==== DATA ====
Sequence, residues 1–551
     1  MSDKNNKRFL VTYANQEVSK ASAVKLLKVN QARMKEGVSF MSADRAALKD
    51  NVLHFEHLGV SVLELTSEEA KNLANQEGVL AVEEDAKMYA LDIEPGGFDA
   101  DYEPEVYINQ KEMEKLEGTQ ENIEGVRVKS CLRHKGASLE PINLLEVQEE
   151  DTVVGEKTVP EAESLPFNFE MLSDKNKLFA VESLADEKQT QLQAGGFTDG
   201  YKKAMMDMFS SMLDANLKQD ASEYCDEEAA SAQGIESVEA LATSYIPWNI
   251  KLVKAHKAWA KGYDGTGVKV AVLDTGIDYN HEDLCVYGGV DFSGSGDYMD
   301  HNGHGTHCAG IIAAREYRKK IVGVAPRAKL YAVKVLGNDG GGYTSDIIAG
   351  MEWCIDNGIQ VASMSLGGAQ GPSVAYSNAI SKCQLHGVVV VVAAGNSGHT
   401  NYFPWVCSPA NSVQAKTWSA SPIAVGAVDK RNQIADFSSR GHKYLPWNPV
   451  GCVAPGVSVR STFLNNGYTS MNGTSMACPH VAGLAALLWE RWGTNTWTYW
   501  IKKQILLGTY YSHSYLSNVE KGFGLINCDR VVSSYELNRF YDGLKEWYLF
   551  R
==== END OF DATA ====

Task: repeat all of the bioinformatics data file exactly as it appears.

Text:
Sequence, residues 1–551
     1  MSDKNNKRFL VTYANQEVSK ASAVKLLKVN QARMKEGVSF MSADRAALKD
    51  NVLHFEHLGV SVLELTSEEA KNLANQEGVL AVEEDAKMYA LDIEPGGFDA
   101  DYEPEVYINQ KEMEKLEGTQ ENIEGVRVKS CLRHKGASLE PINLLEVQEE
   151  DTVVGEKTVP EAESLPFNFE MLSDKNKLFA VESLADEKQT QLQAGGFTDG
   201  YKKAMMDMFS SMLDANLKQD ASEYCDEEAA SAQGIESVEA LATSYIPWNI
   251  KLVKAHKAWA KGYDGTGVKV AVLDTGIDYN HEDLCVYGGV DFSGSGDYMD
   301  HNGHGTHCAG IIAAREYRKK IVGVAPRAKL YAVKVLGNDG GGYTSDIIAG
   351  MEWCIDNGIQ VASMSLGGAQ GPSVAYSNAI SKCQLHGVVV VVAAGNSGHT
   401  NYFPWVCSPA NSVQAKTWSA SPIAVGAVDK RNQIADFSSR GHKYLPWNPV
   451  GCVAPGVSVR STFLNNGYTS MNGTSMACPH VAGLAALLWE RWGTNTWTYW
   501  IKKQILLGTY YSHSYLSNVE KGFGLINCDR VVSSYELNRF YDGLKEWYLF
   551  R